Parental fear breeds cotton-wool kids: study
This article was published in The Sydney Morning Herald 6 October 2010
Modern parents are becoming increasingly protective of their kids, but where will it end? Photo: Stephen Baccon
Even though there is no evidence that it is more dangerous for children to go to the park or walk to school without adults, parents are increasingly wrapping their offspring in cotton wool, a Perth study has found.
Children's mental development and health were also being threatened by their parents' fear of strangers, which was often cited as the reason parents did not let children leave the home without supervision.
The research, exploring the role parental fear for their child's security plays in limiting their physical activity and independence, was undertaken by University of Western Australia Assistant Professor Lisa Wood, in conjunction with the Telethon Institute for Child Health Research's Professor Stephen Zubrick.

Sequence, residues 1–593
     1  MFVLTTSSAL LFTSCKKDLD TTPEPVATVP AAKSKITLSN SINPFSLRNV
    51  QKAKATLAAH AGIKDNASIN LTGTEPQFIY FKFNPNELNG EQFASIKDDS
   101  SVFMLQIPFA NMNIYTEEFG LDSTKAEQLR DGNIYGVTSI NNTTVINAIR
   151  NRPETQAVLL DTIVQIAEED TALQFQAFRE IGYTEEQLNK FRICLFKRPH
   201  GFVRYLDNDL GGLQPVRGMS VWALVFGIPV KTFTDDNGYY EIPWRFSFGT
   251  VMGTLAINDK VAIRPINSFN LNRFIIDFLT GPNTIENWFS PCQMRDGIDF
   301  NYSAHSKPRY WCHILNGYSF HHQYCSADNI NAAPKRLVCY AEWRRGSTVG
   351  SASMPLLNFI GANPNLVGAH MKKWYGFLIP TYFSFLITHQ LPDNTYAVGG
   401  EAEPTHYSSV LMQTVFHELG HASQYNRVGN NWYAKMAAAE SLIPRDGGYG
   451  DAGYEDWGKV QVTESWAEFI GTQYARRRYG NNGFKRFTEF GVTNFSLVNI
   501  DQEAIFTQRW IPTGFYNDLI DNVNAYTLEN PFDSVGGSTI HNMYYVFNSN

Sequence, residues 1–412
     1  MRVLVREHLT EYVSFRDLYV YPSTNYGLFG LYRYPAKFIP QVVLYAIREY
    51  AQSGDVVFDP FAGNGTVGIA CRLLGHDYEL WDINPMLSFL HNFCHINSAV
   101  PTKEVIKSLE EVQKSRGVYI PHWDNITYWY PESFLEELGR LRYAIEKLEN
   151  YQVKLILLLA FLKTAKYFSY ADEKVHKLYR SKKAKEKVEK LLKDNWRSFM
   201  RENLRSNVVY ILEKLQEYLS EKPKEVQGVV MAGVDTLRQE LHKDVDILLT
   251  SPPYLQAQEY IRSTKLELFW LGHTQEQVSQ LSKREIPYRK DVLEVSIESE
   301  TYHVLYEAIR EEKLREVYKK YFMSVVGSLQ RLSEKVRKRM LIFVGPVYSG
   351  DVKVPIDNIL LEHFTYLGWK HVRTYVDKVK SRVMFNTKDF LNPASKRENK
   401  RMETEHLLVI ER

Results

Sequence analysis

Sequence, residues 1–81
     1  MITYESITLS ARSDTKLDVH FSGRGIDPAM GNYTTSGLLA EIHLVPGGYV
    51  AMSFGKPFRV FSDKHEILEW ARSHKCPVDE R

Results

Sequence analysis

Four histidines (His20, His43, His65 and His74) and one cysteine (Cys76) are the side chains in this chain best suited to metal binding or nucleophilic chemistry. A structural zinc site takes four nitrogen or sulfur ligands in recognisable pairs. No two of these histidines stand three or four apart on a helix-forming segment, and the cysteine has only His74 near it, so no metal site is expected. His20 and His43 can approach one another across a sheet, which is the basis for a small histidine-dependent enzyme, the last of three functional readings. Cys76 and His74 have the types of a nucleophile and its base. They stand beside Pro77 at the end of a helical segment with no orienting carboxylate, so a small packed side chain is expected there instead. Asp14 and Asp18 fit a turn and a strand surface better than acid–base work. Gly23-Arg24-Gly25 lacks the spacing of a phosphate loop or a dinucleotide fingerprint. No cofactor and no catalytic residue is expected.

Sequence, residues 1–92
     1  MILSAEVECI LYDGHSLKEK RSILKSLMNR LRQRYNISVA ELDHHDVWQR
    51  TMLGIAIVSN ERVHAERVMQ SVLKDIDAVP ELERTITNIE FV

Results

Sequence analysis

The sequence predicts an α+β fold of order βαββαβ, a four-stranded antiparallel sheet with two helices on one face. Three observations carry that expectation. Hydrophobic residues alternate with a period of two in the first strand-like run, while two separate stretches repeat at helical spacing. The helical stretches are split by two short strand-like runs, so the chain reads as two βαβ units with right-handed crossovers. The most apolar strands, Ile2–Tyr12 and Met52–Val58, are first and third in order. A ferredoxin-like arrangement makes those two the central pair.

It found that even though abduction, robbery, assault and homicide statistics had not risen substantially over the past 50 years, parents were more anxious not only about what could happen to their children but also about how other parents perceived them.